beneficial herbs

Beneficial Herbs

Beneficial Herbs to Boost Your Health

Beneficial Herbs to boost your energy and health

 
Every gardener I know grows at least one or two of the most common garden herbs. Sometimes it’s a few pots of basil and parsley on the kitchen windowsill. Others have gone full out with their love of these amazing plants, and have started a garden devoted solely to herbs. It’s become their passion and their business.

No matter how large or small your herb garden, there’s always a place for favorite culinary herbs.Using fresh herbs can transform you meals into gourmet feasts that delight the palate.

But you can also use fresh herbs to relieve minor ailments. Grow your own beneficial herbs in pots, in a window box, or in your garden and have your own natural first-aid kit.

Here is a quick reference to nine easy-to-grow and common garden herbs that have beneficial and soothing properties.

Never make an infusion or any other preparation from beneficial herbs if you don’t have sufficient background information on it, or understand its potential strength.

 Aloe:

The juicy gel within aloe’s leaves is a well-known treatment for burns and sunburn. Just pull off a leaf, and rub the jelly-like substance onto the affected skin. Reapply it as the discomfort of the burn or sunburn reappears. Aloe often will prevent a burn from blistering, so healing is faster. Use the gel also to relieve itching from insect bites.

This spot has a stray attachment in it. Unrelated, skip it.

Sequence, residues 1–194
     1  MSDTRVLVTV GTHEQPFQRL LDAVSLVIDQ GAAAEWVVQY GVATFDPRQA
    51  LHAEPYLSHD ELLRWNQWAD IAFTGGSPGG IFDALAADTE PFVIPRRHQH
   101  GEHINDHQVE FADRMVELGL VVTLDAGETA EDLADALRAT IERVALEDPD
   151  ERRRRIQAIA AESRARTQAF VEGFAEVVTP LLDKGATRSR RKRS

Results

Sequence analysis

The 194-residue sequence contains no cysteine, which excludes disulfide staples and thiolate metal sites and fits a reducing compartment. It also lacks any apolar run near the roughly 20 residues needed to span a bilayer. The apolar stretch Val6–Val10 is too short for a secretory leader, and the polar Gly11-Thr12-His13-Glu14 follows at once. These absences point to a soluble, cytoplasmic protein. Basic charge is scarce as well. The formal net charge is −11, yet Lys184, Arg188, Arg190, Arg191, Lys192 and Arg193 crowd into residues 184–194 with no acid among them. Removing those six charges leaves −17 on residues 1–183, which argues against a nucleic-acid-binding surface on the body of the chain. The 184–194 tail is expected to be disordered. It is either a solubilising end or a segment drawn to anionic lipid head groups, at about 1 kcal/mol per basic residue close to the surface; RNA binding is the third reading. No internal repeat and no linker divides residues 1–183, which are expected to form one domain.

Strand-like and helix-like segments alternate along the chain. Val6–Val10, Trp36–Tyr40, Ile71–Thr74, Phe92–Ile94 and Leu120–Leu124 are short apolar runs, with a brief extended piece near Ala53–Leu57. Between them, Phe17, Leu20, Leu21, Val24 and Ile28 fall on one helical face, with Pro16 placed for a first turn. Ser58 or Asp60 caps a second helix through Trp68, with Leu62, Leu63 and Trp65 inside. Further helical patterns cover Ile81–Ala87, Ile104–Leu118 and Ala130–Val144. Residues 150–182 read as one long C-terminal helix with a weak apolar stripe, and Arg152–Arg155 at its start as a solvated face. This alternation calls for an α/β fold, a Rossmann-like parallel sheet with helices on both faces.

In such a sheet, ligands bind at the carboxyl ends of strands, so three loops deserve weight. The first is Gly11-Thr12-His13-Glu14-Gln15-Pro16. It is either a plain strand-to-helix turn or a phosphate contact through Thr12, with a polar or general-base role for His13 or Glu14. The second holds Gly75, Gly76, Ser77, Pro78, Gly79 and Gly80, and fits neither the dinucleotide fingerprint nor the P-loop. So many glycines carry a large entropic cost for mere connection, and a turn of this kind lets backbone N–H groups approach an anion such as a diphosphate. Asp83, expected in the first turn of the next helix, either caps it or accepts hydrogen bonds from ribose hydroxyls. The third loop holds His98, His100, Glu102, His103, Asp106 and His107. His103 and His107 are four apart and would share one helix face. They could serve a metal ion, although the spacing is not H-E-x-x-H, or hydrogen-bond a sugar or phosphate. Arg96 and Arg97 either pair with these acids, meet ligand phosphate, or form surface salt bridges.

Lemon balm:

The leaves of this attractive plant can be used in cooking as well as in teas or infusions for relief of headaches and digestive issues. Apply the stronger infusions to cold sores to help them heal. It is a cousin of mint, so keep it from spreading by planting it in a container. Lemon balm can be used either as fresh or dried leaves.

Calendula:

beneficial herbs

Calendula for healing creams and salves

This favorite adds a bright splash of color to the garden. But did you know they have uses in the kitchen and for herbal remedies. Toss the petals in salads for flavor and color, or dry and grind them as a substitute for saffron.

The flower petals can also be used in two different ways to relieve stings, bruises, scrapes and burns. You can make a compress using an infusion and applying it directly on the affected part, or make an ointment with the petals by adding them to melted beeswax.

 Thyme:

beneficial herbs

Thyme: soothing tea for sore throats

Thyme has many therapeutic uses as well as its common use as a culinary herb. Research shows it has antiseptic, anti-bacterial and anti-fungal qualities. Prepare it as a tea to relieve coughs and other symptoms of flus and colds. Use the cooled tea as a gargle or a mouthwash for sore throats or gum infections.

 Comfrey:

Grow comfrey in a contained space, since the roots go deep and it quickly becomes invasive. Traditionally comfrey is used as a poultice or compress to relieve sprains, and not as an infusion to take internally. It can help tissue heal with less scarring, and speed up the healing of bruises. (One of its common historic names is boneset.)

Rosemary:

rosemary beneficial herbs

Rosemary to boost energy